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The Insurrection Was A Marketing Event That Went Bad.


I don’t know who the first person was to use the word ‘insurrection’ to describe Wednesday’s events. But the word has now become the accepted reference for what took place on Capitol Hill, and It happens not to be true.

What happened last Wednesday was a riot, not an insurrection. Because an insurrection refers not only to a physical attempt to overthrow a government by force, but an effort which is organized and led by an individual or a group with a political agenda calling for some kind of change.

Technically speaking, Wednesday’s mess was planned as a gathering in front of the Ellipse by Women for America First, a pro-Trump group which received a permit from the Interior Department to hold a rally on the Ellipse that was going to attract 30,000 people. The permit was issued to the Executive Director of the group, Kylie Jane Kremer, who describes herself as a Tea Party ‘activist’ and regularly appears on all the usual, alt-right media shows.

Back in 2016, she and her mother, Amy Kremer, formed the Great America PAC to support Trump’s campaign, an organization which has Roger Stone’s footprints all over it and may have served as a conduit for purchasing political ads for Trump on various alt-right media stations carried by DirectTV.

The outfit’s website now carries a frontpage message: “We are saddened and disappointed at the violence that erupted on Capitol Hill, instigated by a handful of bad actors, that transpired after the rally.” Of course, it’s really the Left, which is to blame, because “for months the left and the mainstream media told the American people that violence was an acceptable political tool. They were wrong. It is not.”

The good news is that thank God you can still buy a t-shirt, a hat, or a coffee mug on the group’s website store. I mean, let’s face it. How can you organize any kind of political activity and not sell a t-shirt?

One of the groups which played something of an outsized role in Wednesday’s event was the Proud Boys, another alt-right bunch of schmucks (oops! – I mean patriots) who have operated hand-in-glove with Roger Stone for the last several years. The current leader of the Proud Boys is Nick Ochs, who was arrested for ‘unlawful entry’ when he returned home.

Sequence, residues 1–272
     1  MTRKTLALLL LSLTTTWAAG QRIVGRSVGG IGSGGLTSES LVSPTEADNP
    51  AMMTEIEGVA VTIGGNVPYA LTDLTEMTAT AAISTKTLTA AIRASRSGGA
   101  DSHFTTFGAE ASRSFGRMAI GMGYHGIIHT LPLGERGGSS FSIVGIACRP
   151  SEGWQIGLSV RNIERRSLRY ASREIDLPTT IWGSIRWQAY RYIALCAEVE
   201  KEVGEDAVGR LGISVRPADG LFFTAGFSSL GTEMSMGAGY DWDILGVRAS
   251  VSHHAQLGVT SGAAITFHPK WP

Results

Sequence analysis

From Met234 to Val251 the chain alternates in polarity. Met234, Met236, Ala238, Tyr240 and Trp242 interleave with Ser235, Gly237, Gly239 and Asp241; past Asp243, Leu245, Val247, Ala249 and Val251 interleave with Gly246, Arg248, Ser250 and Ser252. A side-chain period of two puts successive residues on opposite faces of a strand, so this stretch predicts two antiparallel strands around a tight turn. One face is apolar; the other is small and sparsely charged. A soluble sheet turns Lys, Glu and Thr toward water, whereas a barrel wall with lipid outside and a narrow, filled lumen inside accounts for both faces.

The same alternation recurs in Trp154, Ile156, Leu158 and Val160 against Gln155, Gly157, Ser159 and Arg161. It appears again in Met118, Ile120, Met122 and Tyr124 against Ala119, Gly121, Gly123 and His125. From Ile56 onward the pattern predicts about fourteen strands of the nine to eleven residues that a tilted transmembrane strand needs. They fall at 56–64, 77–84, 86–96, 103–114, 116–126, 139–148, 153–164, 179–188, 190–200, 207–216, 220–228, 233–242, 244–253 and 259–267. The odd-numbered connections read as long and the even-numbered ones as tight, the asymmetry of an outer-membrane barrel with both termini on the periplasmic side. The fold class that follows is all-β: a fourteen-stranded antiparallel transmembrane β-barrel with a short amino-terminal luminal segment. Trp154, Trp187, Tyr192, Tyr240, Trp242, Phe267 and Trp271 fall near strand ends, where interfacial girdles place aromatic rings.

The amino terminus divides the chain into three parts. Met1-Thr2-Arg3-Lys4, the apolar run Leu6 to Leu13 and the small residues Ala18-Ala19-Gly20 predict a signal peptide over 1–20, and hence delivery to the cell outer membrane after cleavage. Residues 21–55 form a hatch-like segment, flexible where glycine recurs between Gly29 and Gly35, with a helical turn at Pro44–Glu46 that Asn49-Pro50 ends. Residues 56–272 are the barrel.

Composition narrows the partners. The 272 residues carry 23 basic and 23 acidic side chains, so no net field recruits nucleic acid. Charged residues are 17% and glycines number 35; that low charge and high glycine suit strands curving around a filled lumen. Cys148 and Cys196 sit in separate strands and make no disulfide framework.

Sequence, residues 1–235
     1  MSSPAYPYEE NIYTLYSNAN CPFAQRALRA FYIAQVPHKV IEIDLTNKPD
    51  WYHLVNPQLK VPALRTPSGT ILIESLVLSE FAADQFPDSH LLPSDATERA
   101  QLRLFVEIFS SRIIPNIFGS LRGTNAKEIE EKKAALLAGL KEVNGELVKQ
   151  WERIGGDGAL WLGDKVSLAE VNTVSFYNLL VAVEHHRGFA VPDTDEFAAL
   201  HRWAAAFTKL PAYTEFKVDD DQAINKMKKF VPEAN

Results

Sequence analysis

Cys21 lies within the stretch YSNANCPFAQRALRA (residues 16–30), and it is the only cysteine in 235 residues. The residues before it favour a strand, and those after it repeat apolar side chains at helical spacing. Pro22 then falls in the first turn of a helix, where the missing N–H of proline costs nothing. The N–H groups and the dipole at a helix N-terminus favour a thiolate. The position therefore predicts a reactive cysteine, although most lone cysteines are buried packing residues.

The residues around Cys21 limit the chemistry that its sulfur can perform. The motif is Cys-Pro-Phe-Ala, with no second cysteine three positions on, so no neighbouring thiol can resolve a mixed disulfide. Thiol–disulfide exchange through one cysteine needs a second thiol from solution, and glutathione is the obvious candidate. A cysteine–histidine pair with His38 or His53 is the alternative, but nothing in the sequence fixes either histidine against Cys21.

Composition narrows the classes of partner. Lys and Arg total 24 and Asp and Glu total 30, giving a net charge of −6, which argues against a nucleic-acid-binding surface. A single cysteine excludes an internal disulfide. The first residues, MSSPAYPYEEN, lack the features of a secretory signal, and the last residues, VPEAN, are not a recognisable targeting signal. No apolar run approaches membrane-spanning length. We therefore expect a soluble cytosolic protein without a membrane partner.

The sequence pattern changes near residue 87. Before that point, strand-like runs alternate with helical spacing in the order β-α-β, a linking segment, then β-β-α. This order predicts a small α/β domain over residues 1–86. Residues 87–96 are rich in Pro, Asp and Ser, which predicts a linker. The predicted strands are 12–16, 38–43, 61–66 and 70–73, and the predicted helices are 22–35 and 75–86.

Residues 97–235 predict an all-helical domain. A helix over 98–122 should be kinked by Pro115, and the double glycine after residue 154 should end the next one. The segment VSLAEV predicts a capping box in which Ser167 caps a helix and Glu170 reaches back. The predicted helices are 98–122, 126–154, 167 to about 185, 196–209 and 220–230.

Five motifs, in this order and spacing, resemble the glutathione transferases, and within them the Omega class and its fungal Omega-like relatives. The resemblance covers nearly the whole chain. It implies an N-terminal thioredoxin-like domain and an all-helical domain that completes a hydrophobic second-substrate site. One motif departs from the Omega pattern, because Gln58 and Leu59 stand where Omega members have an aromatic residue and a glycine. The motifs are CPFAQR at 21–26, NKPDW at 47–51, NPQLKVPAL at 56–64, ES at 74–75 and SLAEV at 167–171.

Want the good news about the Proud Boys? Thank God you can also go to their website and buy a t-shirt – I particularly like the shirt pictured above. Too bad the Proud Boys don’t yet sell coffee mugs, keychains, or other crap.

Incidentally, while the Wednesday rally at the Ellipse drew all the attention because that’s when Trump showed up and basically delivered the same spiel he gave in Georgia on Monday night. But guess who addressed the early arrivals on Tuesday night? None other than George Papadopoulos, Michael Flynn, and Roger Stone.



What do these three political grandstanders have in common? They have all received pardons from the guy currently sitting in the White House and trying to figure out if he can pardon himself.

Know why none of these diehard patriots haven’t stood up and identified themselves as the leaders of the insurrection of 2021? Because if you take a look at the Federal Code, you’ll learn that 18 USC Section 2383 says: “Whoever incites, sets on foot, assists, or engages in any rebellion or insurrection against the authority of the United States or the laws thereof, or gives aid or comfort thereto, shall be fined under this title or imprisoned not more than ten years, or both; and shall be incapable of holding any office under the United States.”

On the other hand, there’s no law prohibiting the sale of t-shirts before, during or after a public event. Which is what MAGA and groups like the Proud Boys and Women for America First represent – the vanguard of a marketing strategy which unfortunately went out of control on the steps of the Capitol in Washington, D.C.

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